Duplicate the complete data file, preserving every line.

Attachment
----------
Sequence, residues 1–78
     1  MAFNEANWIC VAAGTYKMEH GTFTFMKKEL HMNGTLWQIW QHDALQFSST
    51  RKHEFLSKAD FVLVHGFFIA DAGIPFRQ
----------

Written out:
Sequence, residues 1–78
     1  MAFNEANWIC VAAGTYKMEH GTFTFMKKEL HMNGTLWQIW QHDALQFSST
    51  RKHEFLSKAD FVLVHGFFIA DAGIPFRQ